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Dobutamine - Dobutamine for Heart Failure

By Maureen Salamon

Updated December 19, 2008

(LifeWire) - When patients are hospitalized because of heart failure, their deteriorating condition requires quick action to strengthen cardiac output and stabilize blood flow. Dobutamine is a generic drug often used in such crises because of its ability to rapidly boost the pumping action of the heart.

Classified as an inotrope, a compound that affects the force of muscle contractions, dobutamine is given intravenously, usually in a hospital setting, and often to critically ill patients with heart failure who are in danger of dying. This situation, called acute decompensated heart failure, causes nearly 1 million hospitalizations each year in the United States and kills half of all patients suffering from the condition.

Heart failure is the inability of the heart to pump as efficiently as normal and in itself claims about 350,000 lives annually and affects about 5 million Americans; there are numerous causes, including high blood pressure, diabetes or other cardiac conditions, such as valve problems or prior heart attack.

Symptoms of heart failure, a chronic condition with no cure, include shortness of breath, fatigue, coughing and edema, the buildup of fluid in several parts of the body, including the lungs.

Dobutamine is sometimes offered to stabilize patients with heart failure, who receive it through an intravenous catheter as outpatients, to help manage day-to-day symptoms. But it's primarily used for more severely ill patients. Some patients hospitalized after cardiac surgery, such as coronary artery bypass surgery, also receive dobutamine postoperatively to boost diminishing blood flow by increasing heart contractions.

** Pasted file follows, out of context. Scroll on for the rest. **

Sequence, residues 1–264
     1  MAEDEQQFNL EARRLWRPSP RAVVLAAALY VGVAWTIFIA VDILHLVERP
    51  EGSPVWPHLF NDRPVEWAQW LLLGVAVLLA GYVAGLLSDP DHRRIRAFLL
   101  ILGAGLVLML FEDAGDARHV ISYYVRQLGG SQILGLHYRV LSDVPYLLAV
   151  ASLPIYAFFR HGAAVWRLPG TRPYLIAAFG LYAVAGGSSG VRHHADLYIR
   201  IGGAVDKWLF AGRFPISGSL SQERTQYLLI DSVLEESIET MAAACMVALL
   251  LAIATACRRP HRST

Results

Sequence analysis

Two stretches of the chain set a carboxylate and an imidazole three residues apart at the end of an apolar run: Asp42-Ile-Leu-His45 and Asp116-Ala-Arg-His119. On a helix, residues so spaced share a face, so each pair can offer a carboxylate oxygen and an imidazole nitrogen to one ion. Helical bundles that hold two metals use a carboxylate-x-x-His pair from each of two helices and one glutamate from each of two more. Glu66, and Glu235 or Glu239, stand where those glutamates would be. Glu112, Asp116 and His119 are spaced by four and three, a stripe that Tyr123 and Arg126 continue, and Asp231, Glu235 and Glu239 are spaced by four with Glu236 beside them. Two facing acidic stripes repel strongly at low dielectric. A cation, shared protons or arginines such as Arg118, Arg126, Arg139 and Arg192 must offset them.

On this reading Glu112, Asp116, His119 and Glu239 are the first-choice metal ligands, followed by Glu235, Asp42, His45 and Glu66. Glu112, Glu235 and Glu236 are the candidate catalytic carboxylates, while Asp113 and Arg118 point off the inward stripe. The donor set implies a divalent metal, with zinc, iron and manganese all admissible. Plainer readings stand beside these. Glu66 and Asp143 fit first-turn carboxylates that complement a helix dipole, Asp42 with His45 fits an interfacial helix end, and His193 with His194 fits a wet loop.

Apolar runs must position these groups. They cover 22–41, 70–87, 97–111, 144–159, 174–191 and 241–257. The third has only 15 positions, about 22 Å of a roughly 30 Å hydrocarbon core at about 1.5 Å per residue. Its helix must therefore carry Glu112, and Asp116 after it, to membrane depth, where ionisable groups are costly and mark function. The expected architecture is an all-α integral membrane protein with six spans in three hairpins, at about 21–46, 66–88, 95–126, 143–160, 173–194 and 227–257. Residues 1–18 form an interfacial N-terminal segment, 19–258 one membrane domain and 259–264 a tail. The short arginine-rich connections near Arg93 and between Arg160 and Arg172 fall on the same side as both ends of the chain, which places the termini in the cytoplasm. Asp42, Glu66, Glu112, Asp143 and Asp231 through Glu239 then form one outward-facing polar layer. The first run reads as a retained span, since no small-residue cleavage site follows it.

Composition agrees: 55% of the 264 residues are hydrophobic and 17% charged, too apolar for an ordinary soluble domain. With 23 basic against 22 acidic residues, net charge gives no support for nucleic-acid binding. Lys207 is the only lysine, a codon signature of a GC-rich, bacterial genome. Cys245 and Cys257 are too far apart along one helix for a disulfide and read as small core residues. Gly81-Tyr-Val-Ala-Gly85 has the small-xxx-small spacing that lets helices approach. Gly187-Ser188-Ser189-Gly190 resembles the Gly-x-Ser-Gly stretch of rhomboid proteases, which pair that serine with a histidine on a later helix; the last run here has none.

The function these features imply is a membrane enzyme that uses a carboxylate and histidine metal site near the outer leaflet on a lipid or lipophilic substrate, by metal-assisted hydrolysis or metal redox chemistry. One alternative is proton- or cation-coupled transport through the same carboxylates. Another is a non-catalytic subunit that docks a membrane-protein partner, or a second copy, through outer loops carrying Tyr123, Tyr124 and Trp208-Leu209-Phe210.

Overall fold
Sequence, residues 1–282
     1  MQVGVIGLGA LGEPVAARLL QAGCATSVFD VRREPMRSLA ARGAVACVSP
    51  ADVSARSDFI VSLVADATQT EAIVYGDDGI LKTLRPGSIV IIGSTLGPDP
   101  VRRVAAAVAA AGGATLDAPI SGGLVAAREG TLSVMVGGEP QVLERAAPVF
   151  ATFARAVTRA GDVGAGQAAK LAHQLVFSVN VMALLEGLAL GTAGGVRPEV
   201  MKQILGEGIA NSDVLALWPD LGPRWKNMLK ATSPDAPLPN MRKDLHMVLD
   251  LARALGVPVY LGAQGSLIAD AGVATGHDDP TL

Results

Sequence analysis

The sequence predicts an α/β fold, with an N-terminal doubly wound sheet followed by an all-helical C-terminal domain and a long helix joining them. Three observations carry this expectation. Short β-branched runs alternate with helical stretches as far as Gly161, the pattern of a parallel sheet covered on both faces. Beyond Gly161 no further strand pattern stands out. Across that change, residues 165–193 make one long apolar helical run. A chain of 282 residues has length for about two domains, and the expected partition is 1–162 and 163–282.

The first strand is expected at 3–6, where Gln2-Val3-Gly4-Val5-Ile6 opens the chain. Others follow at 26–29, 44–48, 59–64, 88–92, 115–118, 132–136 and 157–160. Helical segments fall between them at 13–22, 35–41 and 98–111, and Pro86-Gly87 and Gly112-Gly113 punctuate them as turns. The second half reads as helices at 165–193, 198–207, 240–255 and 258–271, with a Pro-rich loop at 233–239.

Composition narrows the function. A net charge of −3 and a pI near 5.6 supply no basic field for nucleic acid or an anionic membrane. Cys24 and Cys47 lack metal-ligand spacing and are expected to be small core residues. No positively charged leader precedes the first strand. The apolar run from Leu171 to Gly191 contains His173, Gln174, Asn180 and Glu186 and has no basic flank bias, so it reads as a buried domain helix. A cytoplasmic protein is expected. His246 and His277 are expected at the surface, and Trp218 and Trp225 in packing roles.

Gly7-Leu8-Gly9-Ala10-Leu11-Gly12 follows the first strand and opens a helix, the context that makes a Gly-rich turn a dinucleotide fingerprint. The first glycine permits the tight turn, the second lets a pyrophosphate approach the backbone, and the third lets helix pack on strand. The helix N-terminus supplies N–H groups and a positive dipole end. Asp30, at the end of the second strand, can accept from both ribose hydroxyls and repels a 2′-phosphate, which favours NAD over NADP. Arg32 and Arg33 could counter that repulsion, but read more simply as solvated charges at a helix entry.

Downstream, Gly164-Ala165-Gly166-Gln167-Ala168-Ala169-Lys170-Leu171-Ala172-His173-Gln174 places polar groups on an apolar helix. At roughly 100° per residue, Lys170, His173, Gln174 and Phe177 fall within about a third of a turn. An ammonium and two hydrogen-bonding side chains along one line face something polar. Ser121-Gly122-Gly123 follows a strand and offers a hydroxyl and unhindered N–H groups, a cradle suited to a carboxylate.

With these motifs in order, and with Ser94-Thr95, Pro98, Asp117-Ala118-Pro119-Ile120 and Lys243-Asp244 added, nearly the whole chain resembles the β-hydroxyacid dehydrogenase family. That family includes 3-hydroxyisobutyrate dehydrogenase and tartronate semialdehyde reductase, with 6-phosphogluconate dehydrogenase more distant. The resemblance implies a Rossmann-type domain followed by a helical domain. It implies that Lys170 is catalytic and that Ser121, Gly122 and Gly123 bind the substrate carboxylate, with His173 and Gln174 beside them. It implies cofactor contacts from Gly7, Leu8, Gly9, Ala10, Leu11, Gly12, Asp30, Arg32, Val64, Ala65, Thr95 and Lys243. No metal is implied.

Despite the use dobutamine to quickly alleviate heart failure symptoms, a significant number of patients with acute heart failure on dobutamine die within 6 months of hospitalization. Scientists in the Journal of the American Medical Association, who in 2007 compared dobutamine to another heart failure drug called levosimendan, found that the all-cause mortality rate within 180 days for patients on these drugs was about 25%.

Side effects of dobutamine are typically minimal because the drug has a short-working cycle, but they can include:

  • A significant change in blood pressure
  • Allergic-type reactions, such as trouble breathing
  • Chest pain
  • Fever
  • Headache
  • Nausea
  • Shortness of breath
  • Heart palpitations
  • Skin rash

Here's more on the treatment of heart failure.


"Dobutamine Stress Echo." fahc.org. 2008. Fletcher Allen Health Care. 1 Dec. 2008 <http://www.fahc.org/medicine/heartcenter/includes/procedures/dobutaminestress.htm>.

"Heart Failure." nih.gov. 20 Oct. 2008. U.S. National Library of Medicine. 16 Nov. 2008 <http://www.nlm.nih.gov/medlineplus/ency/article/000158.htm>.

Mebazaa, Alexandre, Markku S. Nieminen, Milton Packer, Alain Cohen-Solal, Franz X. Kleber, Stuart J. Pocock, Roopal Thakkar, Robert J. Padley, Pentti Poder, and Matti Kivikko. "Levosimendan vs. Dobutamine for Patients With Acute Decompensated Heart Failure: The SURVIVE Randomized Trial." Journal of the American Medical Association 297:17(2007): 1883-91. 1 Dec. 2008 <http://jama.ama-assn.org/cgi/content/abstract/297/17/1883>.

Rodgers, Jo E. "Acute Decompensated Heart Failure: Review of Pathophysiology and Key Clinical Trials." ashp.org. 2006. American Society of Health-System Pharmacists. 1 Dec. 2008 <http://symposia.ashp.org/adhfseries/83/podcast_handout.pdf>.

LifeWire, a part of The New York Times Company, provides original and syndicated online lifestyle content. Maureen Salamon is a New Jersey-based freelance writer whose work has appeared in a variety of online and print publications.

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